The Heat Is Online

Ice melt strands 10,000 walruses

The marine mammals, which usually spend their time resting on sea ice, are increasingly forced to haul out on land, Oct. 2, 2013

An estimated ten thousand Pacific walruses have huddled together on a remote island in the Chukchi Sea, an unusual phenomenon that's due to a lack of sea ice, experts say.

The giant marine mammal is known to "haul out"—literally haul its body onto ice or land to rest or warm up—on various places along Alaska's coast.

But with the Arctic warming up and melting much of its floating ice, there are limited areas for the walruses to gather. This forces them to cluster on land in huge aggregations rarely before seen.

In 2011, 30,000 walruses hauled out along a stretch of beach less than a mile long, according to the National Oceanic and Atmospheric Administration, which took aerial pictures of the most recent walrus gathering.

Scientists have noted that such large terrestrial haulouts have increased in the past five years, said  Pam Tuome, senior veterinarian at the Alaska SeaLife Center in Seward.

That mirrors the effect of warming temperatures in the Arctic, which is in the throes of a "long-term, downward trend" in sea ice cover, according to the National Snow and Ice Data Center.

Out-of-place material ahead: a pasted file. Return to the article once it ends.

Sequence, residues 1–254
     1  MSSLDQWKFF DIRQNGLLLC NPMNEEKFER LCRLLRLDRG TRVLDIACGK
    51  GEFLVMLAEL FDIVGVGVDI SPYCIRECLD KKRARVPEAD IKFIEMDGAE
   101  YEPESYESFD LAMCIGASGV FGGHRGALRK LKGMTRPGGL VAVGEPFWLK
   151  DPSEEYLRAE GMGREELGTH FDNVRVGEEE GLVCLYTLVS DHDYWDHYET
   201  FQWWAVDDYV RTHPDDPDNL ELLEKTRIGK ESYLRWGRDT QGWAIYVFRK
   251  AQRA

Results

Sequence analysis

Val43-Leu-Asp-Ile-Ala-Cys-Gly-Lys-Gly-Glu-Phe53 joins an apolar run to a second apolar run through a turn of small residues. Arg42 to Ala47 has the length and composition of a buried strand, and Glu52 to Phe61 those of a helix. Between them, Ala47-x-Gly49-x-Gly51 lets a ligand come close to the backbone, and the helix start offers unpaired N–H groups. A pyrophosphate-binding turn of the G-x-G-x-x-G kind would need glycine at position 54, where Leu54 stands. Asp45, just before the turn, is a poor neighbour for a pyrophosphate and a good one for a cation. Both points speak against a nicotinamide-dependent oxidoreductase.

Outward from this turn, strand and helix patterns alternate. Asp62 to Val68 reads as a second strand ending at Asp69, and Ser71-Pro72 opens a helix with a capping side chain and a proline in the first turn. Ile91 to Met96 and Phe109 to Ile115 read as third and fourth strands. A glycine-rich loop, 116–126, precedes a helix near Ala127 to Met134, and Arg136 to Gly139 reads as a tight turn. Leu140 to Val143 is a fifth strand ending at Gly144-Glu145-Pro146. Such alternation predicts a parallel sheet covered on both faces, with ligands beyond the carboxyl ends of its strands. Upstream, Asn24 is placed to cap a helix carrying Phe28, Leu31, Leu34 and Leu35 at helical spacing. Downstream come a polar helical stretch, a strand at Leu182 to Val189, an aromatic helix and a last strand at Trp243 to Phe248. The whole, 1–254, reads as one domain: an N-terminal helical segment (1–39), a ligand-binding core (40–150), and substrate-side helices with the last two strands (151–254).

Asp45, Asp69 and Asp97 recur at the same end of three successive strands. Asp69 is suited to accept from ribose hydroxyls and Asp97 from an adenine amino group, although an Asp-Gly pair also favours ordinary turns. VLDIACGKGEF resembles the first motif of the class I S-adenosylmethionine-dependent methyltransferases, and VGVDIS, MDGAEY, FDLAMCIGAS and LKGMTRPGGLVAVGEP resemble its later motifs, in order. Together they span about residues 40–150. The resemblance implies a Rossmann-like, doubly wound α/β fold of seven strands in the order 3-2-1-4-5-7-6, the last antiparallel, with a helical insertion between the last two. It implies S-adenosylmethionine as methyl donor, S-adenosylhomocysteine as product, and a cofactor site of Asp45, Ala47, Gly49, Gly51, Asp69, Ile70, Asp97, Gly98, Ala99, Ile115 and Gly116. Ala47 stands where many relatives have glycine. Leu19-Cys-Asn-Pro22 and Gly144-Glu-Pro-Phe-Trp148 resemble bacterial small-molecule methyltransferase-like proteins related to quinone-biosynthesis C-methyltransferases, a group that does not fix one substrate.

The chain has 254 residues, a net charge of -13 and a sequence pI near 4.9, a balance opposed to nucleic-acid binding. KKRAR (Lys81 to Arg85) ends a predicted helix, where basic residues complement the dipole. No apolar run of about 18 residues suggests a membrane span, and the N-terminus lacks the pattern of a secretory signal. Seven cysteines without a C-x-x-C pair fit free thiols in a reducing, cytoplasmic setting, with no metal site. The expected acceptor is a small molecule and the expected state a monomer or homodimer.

In 2013, the Arctic experienced its sixth lowest minimum extent, or the period when sea ice cover is at its smallest.

The walrus haulouts are "another one of the symptoms of the changes that are occurring in the Arctic Ocean," Tuome said, "that are having somewhat unexpected or cascading effects."

On Thin Ice

The Pacific walrus as a species is suffering due to its shrinking habitat—the animal's numbers are declining, and it may get protection under the U.S. Endangered Species Act, Tuome said.

Meanwhile, the large haulouts are putting individual animals at risk. For one, if something like an airplane flying overhead spooks one of the mammals, it may spark a stampede into the water. During their panic, the heavy animals—which can weigh up to 1.5 tons (1.4 metric tons)—may trample other walruses to death, especially young ones, she said.

"It's like yelling fire at a movie theater," she said.

In addition, so many animals in such close quarters could increase the likelihood of a disease outbreak. In 2011 a mysterious, fatal disease swept through a population of ringed seals in Alaska that may also have killed some walruses in another location, she noted.

The disease may have spread from one population of marine mammal to another—for instance, ringed seals in Russia—and they weren't mixed together in a dense aggregation. A disease outbreak in a crowded haulout could be even deadlier.